Lvalue references can be used to alias an existing object (optionally with different cv-qualification)

#include <iostream>
#include <string>
int main()
{
    std::string s = "Ex";
    std::string& r1 = s;
    const std::string& r2 = s;
 
    r1 += "ample"; // modifies s
//  r2 += "!"; // error: cannot modify through reference to const
    std::cout << r2 << '\n'; // prints s, which now holds "Example"
}


They can also be used to implement pass-by-reference semantics in function calls:

#include <iostream>
#include <string>
void double_string(std::string& s)
{
    s += s; // 's' is the same object as main()'s 'str'
}
int main()
{
    std::string str = "Test";
    double_string(str);
    std::cout << str << '\n';
}


When a function's return type is lvalue reference, the function call expression becomes an lvalue expression:

#include <iostream>
#include <string>
char& char_number(std::string& s, std::size_t n)
{
    return s.at(n); // string::at() returns a reference to char
}
int main()
{
    std::string str = "Test";
    char_number(str, 1) = 'a'; // the function call is lvalue, can be assigned to
    std::cout << str << '\n';
}


Rvalue references

Rvalue references can be used to extend the lifetime of a modifiable temporary (note, lvalue references to const can extend lifetimes too, but they are not modifiable)

#include <iostream>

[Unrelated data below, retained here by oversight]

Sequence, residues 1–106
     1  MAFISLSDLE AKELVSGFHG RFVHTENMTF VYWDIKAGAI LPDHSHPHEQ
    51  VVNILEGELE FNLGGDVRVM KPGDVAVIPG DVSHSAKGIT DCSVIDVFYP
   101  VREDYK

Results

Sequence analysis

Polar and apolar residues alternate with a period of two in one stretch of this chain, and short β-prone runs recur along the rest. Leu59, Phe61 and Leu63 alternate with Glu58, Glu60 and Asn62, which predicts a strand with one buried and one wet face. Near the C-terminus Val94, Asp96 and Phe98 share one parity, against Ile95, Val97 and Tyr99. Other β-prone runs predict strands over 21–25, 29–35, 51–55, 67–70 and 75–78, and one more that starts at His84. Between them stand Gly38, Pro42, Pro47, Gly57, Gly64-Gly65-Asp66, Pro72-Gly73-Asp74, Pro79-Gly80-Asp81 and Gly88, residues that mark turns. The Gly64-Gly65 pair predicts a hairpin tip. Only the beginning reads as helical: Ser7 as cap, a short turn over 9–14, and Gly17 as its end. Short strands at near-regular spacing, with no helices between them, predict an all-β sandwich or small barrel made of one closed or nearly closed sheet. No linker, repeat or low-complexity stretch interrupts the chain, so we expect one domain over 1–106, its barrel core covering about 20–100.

#include <string>
int main()
{
    std::string s1 = "Test";
//    std::string&& r1 = s1; // error: can't bind to lvalue
 
    const std::string& r2 = s1 + s1; // OK, lvalue ref to const extends lifetime
//    r2 += "Test"; // error: can't modify through reference to const
 
    std::string&& r3 = s1 + s1; // OK, rvalue ref extends lifetime
    r3 += "Test"; // this rvalue can be modified
    std::cout << r3 << '\n';
}


More importantly, when a function has both rvalue reference and lvalue reference overloads, the rvalue reference overload binds to rvalues, while the lvalue reference overload binds to lvalues.

#include <iostream>
void f(int& x)
{
     std::cout << "lvalue reference overload f(" << x << ")\n";
}
void f(const int& x)
{
     std::cout << "lvalue reference to const overload f(" << x << ")\n";
}
void f(int&& x)
{
     std::cout << "rvalue reference overload f(" << x << ")\n";
}
int main()
{
    int n = 1;
    const int x = 2;
    f(n); // calls f(int&)
    f(x); // calls f(const int&)